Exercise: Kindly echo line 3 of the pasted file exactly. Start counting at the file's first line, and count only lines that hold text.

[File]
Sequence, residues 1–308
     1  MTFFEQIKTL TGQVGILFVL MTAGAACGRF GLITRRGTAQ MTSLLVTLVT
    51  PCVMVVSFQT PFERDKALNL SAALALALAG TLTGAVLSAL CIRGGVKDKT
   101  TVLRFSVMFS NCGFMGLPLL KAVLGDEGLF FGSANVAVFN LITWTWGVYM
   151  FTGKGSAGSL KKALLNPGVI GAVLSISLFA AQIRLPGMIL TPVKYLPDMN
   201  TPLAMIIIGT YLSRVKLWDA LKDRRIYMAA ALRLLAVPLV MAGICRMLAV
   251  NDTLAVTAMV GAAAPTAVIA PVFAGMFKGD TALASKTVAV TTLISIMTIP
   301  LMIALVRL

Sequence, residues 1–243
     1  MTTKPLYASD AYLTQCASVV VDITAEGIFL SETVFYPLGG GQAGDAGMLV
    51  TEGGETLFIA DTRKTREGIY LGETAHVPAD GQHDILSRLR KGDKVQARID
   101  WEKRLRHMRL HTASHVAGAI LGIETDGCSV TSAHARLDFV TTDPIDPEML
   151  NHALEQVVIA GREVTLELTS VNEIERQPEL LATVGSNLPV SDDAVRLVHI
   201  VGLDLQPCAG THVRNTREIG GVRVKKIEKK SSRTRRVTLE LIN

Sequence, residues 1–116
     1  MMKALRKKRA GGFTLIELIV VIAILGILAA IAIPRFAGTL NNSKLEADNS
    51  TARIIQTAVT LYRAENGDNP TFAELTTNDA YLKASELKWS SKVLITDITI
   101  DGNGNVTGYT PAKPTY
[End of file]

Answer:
    51  PCVMVVSFQT PFERDKALNL SAALALALAG TLTGAVLSAL CIRGGVKDKT